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Cloud Native/NFV

IBM Buying Red Hat for $34B, Turning Cloud Upside Down

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Early days for cloud
"Most companies today are only 20 percent along their cloud journey, renting compute power to cut costs," Rometty said in a statement. "The next 80 percent is about unlocking real business value and driving growth. This is the next chapter of the cloud. It requires shifting business applications to hybrid cloud, extracting more data and optimizing every part of the business, from supply chains to sales."

Red Hat's Whitehurst said, "Joining forces with IBM will provide us with a greater level of scale, resources and capabilities to accelerate the impact of open source as the basis for digital transformation and bring Red Hat to an even wider audience -- all while preserving our unique culture and unwavering commitment to open source innovation."

IBM and Red Hat share strategic focus in Linux, containers, Kubernetes, multicloud management and cloud management and automation, the companies said. The companies have partnered for 20 years, with IBM supporting Linux early on and their partnership helping drive IBM's $19 billion hybrid cloud business.

The two companies expanded that partnership in May, with tools to allow users to build applications spanning IBM Cloud Private and Red Hat OpenShift. (See Red Hat Partners With Microsoft & IBM for Hybrid Cloud Power.)

Until now, IBM competed as well as partnered with Red Hat, with its Cloud Private platform going up against OpenShift. Cloud Private is a centerpiece of IBM's hybrid cloud strategy; it's a software stack based on Kubernetes, with operational, telemetry and management utilities, as well as containerized MQ messaging, open source DevOps tools and IBM's own WebSphere and Watson AI Tools. The software is designed to give developers everything they need to get up and running on cloud applications. It runs on bare metal, virtual machines, OpenStack, the IBM Z Series mainframes, Power Systems and public cloud infrastructures. (See IBM: We're Beating Red Hat Private Cloud Growth.)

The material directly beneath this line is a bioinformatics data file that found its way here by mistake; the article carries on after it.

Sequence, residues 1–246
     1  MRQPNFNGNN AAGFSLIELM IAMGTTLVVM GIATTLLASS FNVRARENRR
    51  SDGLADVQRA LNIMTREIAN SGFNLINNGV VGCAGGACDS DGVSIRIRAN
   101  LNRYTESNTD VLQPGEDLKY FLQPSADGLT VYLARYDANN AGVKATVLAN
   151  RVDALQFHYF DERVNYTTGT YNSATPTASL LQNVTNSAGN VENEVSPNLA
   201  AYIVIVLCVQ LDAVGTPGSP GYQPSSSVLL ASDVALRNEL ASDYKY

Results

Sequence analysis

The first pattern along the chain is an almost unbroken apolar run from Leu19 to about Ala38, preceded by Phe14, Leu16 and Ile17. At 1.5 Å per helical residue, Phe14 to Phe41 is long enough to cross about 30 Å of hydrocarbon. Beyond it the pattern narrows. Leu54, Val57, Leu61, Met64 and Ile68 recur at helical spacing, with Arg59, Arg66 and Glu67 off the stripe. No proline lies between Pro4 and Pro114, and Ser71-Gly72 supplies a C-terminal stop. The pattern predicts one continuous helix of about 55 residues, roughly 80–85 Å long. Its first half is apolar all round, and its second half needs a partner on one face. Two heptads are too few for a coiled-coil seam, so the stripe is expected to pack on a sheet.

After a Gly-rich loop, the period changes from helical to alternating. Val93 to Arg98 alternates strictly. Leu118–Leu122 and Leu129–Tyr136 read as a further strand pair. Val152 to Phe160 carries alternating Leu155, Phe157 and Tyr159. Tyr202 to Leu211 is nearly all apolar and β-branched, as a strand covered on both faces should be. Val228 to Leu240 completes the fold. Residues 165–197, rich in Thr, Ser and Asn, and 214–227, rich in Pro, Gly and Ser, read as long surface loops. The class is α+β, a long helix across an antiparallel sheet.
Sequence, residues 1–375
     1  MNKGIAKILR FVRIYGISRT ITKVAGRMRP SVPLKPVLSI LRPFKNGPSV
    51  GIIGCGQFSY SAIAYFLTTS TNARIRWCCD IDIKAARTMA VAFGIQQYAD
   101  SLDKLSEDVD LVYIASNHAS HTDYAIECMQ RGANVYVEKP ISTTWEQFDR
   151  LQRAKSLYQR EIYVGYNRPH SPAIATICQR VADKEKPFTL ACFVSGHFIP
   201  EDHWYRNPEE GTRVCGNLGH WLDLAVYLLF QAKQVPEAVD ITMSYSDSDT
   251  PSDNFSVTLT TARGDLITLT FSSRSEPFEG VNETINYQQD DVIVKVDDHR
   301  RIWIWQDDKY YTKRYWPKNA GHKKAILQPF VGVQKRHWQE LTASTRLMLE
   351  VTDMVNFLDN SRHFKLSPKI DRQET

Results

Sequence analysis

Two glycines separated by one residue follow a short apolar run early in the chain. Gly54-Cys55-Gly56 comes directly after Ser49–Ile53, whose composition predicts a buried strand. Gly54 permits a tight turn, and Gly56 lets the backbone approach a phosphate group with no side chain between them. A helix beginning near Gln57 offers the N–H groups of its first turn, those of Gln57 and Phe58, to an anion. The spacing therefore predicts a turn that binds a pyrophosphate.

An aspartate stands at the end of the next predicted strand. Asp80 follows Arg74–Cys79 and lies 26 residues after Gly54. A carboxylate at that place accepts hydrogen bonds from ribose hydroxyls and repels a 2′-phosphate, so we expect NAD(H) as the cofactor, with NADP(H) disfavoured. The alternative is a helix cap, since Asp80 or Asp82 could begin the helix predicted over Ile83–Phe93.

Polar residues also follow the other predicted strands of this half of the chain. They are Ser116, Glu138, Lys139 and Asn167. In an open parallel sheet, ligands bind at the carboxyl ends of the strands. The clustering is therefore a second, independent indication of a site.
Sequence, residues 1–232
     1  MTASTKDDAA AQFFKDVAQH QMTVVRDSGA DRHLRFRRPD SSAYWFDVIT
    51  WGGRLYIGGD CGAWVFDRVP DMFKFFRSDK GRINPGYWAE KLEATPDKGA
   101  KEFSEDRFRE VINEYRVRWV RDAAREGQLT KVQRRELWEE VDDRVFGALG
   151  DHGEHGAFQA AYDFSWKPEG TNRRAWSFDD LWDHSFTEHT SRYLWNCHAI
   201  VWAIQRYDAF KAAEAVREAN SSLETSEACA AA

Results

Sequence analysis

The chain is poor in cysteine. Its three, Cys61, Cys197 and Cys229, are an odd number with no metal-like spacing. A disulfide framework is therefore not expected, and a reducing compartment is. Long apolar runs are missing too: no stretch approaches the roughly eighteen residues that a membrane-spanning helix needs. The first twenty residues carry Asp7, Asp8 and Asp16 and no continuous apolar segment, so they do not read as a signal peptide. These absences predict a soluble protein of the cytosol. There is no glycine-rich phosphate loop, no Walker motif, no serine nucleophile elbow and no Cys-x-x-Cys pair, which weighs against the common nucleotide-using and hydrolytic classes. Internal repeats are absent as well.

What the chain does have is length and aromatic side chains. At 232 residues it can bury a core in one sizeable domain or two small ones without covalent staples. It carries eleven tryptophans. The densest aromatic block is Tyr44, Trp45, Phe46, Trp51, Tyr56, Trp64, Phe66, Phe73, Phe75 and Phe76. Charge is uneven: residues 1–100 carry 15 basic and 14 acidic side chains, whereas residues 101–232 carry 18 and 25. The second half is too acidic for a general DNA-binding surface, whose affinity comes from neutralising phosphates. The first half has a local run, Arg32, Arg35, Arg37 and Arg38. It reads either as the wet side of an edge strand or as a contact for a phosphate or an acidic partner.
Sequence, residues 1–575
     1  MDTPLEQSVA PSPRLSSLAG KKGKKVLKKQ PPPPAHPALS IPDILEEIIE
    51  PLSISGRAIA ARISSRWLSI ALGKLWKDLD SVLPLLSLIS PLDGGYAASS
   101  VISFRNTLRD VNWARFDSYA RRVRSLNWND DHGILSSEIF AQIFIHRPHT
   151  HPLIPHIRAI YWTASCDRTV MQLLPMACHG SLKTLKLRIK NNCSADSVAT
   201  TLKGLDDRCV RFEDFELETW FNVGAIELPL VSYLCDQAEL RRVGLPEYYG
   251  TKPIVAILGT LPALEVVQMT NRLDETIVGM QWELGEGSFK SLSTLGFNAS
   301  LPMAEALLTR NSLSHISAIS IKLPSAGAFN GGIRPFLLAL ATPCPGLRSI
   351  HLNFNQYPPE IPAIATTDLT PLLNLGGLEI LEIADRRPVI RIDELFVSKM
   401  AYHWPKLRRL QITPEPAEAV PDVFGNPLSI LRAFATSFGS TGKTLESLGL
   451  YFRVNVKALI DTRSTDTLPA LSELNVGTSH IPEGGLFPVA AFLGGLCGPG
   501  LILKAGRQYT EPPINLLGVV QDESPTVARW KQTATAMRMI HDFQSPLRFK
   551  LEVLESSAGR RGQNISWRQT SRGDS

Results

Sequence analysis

OpenShift is Red Hat's cloud platform for running Kubernetes containerized applications on both public and private cloud. Red Hat acquired CoreOS in January for $250 million to enhance Red Hat's toolset for day-to-day Kubernetes application operations. (See Red Hat Beefs Up OpenShift Automation, Based on CoreOS Acquisition and {740164}.)

"IBM and Red Hat also will continue to build and enhance Red Hat partnerships, including those with major cloud providers, such as Amazon Web Services, Microsoft Azure, Google Cloud, Alibaba and more, in addition to the IBM Cloud. At the same time, Red Hat will benefit from IBM's hybrid cloud and enterprise IT scale in helping expand their open source technology portfolio to businesses globally," the companies said.

"Upon closing of the acquisition, Red Hat will join IBM's Hybrid Cloud team as a distinct unit, preserving the independence and neutrality of Red Hat's open source development heritage and commitment, current product portfolio and go-to-market strategy, and unique development culture," the companies said. "IBM intends to maintain Red Hat's headquarters, facilities, brands and practices."

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Atlantis-dude 10/29/2018 | 10:57:18 PM
wht happens to soft layer cloud
mhhf1ve 10/29/2018 | 12:11:19 PM
Remember when open source wasn't worth anything? MSFT has github. IBM has Red Hat. Oracle has MySQL... Hmm. Open source tools aren't free as in not owned by a giant multinational company anymore.
Mitch Wagner 10/29/2018 | 10:35:53 AM
Re: Name change?
[email protected] 10/29/2018 | 4:50:53 AM
Name change? Will we soon be talking about Big Blue Hat?
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